PANIC IN A ST. LOUIS PUBLIC SCHOOL.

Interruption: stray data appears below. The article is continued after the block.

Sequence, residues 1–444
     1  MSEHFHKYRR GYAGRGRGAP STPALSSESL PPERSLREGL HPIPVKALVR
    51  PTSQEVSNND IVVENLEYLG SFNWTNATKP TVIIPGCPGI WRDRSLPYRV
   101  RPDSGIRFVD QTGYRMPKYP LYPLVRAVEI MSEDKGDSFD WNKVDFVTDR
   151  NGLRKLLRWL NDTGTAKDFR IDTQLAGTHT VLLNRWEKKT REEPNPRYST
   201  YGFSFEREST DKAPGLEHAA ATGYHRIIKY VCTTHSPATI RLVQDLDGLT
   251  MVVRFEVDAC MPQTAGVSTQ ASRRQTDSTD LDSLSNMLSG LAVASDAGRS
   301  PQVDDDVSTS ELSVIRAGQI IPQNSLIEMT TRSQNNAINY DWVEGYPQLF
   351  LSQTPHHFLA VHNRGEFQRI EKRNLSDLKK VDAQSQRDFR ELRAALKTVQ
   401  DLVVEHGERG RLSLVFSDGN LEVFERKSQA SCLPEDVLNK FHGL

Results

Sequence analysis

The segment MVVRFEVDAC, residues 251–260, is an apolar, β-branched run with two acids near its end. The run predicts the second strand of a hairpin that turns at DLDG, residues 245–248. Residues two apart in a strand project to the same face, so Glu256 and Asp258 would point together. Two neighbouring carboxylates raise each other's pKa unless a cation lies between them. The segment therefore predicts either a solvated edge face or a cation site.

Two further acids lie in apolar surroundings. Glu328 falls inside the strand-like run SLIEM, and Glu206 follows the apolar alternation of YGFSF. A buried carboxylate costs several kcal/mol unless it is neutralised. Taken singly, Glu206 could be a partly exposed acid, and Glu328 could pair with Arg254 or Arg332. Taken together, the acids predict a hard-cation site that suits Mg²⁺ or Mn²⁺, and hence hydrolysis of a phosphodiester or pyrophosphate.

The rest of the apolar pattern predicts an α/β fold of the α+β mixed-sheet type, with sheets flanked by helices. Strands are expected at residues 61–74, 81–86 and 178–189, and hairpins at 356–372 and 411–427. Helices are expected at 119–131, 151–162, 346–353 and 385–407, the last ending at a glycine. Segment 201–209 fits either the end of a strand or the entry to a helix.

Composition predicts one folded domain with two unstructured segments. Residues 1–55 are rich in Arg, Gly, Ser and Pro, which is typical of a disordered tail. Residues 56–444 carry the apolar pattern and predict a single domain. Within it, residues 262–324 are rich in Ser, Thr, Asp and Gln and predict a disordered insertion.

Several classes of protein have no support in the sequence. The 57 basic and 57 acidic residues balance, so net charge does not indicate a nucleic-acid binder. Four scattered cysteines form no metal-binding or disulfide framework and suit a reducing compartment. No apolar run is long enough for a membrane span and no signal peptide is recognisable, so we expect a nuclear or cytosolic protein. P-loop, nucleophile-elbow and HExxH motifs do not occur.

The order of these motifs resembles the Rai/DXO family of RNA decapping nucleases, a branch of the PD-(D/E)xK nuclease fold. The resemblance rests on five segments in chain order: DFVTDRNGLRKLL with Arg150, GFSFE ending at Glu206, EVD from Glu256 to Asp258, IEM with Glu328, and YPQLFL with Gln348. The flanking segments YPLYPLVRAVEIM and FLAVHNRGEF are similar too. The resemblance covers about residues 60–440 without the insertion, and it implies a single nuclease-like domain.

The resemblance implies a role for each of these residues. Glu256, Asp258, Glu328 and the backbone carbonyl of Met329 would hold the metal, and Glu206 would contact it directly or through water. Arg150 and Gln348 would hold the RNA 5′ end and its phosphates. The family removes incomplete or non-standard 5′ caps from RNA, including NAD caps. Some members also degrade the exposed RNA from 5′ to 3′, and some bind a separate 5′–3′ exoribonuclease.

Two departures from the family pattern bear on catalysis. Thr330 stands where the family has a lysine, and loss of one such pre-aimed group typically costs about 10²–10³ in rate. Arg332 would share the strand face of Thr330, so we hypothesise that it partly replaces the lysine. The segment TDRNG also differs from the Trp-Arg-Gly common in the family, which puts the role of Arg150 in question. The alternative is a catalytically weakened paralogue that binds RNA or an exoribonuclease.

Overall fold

A fire was discovered, between 10 and 11 o’clock Wednesday morning, in one of the rooms on the ground floor of the Webster School, in St. Louis, at Eleventh and Jefferson streets, the largest primary school building in the city. The school fire alarm was immediately struck, and the teachers and scholars throughout the building were given notice of the danger. The children on the ground floor got out safely and in good order, but those on the upper floor were seized with a panic and, despite the utmost exertions of the teachers, rushed wildly to the stairways, shrieking with terror, down which they hurled themselves in the greatest frenzy and confusion. The pressure was so great on the stairs between the second and ground floors that the balusters gave way. and several children were precipitated to the floor below. Mia Levick had her arm broken; Emma Dillon was badly hurt about the head and Ihe upper part of her person, by the balusters falling on her, and Eva Schaffer was severely bruised. That a score of them were not killed outright is most marvelous, but these are all the casualties to the children that are nowknown. Mrs. Baltazzer, a teacher, in her effort to stay the rushing tide at the head of the sta’rs, was hurled from her feet, trampled upon, and b rne to the bottom, where she was dragged out. very much bruised, but not seriously hurt. The sch ol was finally emptied and something like order was restored, when it was discovered that ihe lire was only a trifling affair, and it was soon mastered. The panic was confined to the girls. The boys were all discharged from the different rooms without c infusion or trouble. The terr. r of the girls seems to have been greatly increased by the ringing of the large bell on top of the school-house by some unknown person.